I would venture to guess that most of the Popdose audience wasn’t even born when the radicalism of the 1960s bubbled up — yet the shadow of the 1960s is showing signs that its legacy still has some life. I don’t aim to sum up the ’60s here in one post, but one of the things that I can’t seem to get out of my mind during this presidential campaign is the language used during the ’60s, and how certain groups that form the base of the Republican Party are locked into the tone of that language today. Simply put, the language of politically active lefties, anti-war groups, civil rights, and later women’s and gay rights was the language of non-negotiable demands.

The idea was effective in its simplicity: find an injustice that’s linked to an institution. In the case of many top-notch research universities, the link was government-funded research into chemical-biological weapons conducted at a university, and its link to the Vietnam War. Then mobilize a group around said injustice and storm the gates (or a university regent meeting) and present those who represented The System a list of non-negotiable demands that essentially said “cease and desist.” If the demands weren’t met, students would picket, sit in, or go on strike to disrupt the usual functions of the institution until the administration caved.

As you can imagine, for 18-22 year olds with their heads full of idealism, taking on The Suits who are at the forefront of injustice of the world is an intoxicating thing. As the movements grew in numbers, the language became more moralistic, the tone became more strident, and ideology sharpened into a hybrid of left-libertarianism, Marxist critique of capital, and race, class and gender identity. Sure, there are some aging new lefties who still cling to that political point of view Á¢€” which at the time was quite innovative. However, political conservatives are now the ones who are riding the “steady state” of a ’60s brand of non-negotiable moralism Á¢€” but they have adapted it to their own issues.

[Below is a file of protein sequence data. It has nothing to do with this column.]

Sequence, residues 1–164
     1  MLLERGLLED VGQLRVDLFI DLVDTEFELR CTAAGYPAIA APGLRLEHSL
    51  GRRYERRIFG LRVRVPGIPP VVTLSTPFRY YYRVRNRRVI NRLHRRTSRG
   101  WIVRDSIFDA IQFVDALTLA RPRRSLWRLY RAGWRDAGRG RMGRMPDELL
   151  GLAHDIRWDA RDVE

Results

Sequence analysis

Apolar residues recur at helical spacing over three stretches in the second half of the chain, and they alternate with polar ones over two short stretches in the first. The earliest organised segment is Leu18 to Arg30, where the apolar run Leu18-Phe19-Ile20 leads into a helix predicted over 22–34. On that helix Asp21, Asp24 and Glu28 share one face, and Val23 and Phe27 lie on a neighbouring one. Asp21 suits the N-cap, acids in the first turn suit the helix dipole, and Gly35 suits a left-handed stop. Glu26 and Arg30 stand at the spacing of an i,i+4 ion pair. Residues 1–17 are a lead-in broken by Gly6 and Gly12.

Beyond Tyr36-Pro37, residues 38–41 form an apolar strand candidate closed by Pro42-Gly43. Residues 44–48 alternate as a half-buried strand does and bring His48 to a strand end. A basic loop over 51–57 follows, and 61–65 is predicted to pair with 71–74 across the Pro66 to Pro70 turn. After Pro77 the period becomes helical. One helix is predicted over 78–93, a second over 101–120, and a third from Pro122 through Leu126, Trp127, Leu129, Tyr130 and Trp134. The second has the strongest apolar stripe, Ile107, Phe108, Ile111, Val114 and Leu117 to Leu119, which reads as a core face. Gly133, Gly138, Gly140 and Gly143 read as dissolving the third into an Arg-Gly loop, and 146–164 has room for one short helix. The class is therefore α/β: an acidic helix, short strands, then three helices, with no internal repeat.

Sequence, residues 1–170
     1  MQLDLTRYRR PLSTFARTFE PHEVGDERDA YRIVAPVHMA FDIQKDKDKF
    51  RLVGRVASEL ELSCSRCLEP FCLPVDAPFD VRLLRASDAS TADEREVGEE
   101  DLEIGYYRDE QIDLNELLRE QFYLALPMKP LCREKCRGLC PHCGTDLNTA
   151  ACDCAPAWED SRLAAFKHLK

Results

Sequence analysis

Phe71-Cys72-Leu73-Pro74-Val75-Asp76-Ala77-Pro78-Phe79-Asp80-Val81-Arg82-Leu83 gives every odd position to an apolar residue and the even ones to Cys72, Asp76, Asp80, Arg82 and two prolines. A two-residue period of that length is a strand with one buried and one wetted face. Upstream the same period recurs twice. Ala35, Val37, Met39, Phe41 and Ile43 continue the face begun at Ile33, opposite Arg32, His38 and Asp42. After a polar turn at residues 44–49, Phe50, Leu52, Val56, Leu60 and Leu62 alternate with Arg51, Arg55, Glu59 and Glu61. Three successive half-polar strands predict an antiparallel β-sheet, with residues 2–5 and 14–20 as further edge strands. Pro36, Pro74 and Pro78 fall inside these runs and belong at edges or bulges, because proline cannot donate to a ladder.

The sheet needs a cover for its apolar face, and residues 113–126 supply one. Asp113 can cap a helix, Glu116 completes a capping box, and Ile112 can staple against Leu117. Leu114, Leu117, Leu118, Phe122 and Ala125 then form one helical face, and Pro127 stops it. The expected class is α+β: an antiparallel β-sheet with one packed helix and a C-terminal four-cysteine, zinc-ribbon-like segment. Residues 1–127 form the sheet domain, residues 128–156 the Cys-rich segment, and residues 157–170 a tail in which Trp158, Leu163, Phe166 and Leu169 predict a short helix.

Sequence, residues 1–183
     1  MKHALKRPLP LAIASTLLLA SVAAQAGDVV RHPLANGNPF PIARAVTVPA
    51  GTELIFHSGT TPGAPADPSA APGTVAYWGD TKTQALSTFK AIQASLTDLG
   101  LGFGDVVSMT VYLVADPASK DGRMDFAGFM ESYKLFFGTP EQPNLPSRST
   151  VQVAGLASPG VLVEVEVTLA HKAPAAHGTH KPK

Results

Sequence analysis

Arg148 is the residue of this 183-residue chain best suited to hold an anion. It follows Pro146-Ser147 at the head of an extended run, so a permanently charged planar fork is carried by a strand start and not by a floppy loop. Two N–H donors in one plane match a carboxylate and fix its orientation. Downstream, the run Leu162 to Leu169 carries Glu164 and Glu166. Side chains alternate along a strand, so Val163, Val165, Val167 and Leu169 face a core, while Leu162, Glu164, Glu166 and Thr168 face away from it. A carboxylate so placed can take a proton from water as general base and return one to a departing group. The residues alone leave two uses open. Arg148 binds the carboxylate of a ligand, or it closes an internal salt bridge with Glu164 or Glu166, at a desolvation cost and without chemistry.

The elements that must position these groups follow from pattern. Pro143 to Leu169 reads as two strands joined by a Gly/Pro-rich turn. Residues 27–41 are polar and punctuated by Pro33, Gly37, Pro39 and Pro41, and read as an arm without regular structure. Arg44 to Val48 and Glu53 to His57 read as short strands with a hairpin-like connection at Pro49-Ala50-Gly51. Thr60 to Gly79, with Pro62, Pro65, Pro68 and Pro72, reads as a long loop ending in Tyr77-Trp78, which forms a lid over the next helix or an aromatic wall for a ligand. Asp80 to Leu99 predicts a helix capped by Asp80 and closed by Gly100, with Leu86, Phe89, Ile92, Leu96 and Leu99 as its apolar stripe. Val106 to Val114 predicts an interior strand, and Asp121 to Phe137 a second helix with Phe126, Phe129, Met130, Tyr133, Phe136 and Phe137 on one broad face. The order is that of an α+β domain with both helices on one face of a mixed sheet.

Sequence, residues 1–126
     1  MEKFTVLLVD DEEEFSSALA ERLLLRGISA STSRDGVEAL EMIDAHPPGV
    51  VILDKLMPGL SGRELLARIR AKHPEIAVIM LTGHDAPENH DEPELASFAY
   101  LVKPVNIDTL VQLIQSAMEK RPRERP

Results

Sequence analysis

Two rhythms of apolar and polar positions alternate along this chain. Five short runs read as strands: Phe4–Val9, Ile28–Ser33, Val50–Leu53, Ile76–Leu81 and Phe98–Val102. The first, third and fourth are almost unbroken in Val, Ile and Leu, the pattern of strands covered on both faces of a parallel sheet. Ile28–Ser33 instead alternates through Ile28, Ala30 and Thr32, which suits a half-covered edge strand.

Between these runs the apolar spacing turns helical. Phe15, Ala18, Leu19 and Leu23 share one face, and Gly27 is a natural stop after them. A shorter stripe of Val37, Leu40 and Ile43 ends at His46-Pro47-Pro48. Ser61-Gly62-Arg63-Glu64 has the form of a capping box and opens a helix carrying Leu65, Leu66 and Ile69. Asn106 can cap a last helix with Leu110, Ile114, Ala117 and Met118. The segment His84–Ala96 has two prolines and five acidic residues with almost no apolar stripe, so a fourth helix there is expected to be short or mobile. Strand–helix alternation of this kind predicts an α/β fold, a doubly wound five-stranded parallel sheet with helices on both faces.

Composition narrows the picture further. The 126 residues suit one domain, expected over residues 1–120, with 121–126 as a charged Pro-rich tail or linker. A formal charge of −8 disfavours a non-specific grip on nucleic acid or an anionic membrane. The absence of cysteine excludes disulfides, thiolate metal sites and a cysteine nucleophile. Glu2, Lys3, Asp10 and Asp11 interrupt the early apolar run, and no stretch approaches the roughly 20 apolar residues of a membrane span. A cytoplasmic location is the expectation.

Consider the case of why political conservatives (and radicals) who vote for Republicans don’t really support John McCain. Reading conservative blogs and articles on the subject reveals that the radical right wing of the Republican Party is pissed at McCain because he doesn’t pass their ideological purity test. McCain, it seems, is too willing to compromise with “the other side” on many issues and won’t ram through demands with a “my way or the highway” tone. Which demands are non-negotiable for the radical wing of the Republican Party?

1. Make abortion illegal.
2. Stop all stem cell research.
3. Expel immigrants who are not here through the standard immigration process, and build a Berlin Wall-type of fence between Mexico and the U.S.
4. Nominate Supreme Court justices who are ideological clones of Scalia, Thomas, Alito, and Roberts.
5. Make tax cuts (mostly for the wealthy) permanent and deep.
6. Allocate the lion’s share of the federal budget to the military and ancillary groups who are connected to the military.

I’m sure there are other demands, but you get the idea. Just visit any number of right-wing bloggers, or even more notable right-wing commentators, and you’ll see these issues come up again and again. If a candidate who was talking the talk were in the running (one who was not a Mormon or seen as a fringe Libertarian), you would see a lot of activity in the Republican base. However, with Romney out of the race (but holding on to his delegates) it’s not clear how McCain (once he gets the formal nomination) will convince those in the Republican base that he’s a true believer who will not only talk the talk, but walk the walk as well. Rather, there’s a lot of talk about “sitting this election out.” With this defeatist attitude among the more active and vocal members of the Republican base, it makes me wonder if the legacy of the non-negotiable demands of the ’60s is coming to an end.

Richard Cheese, “Guerilla Radio” (download)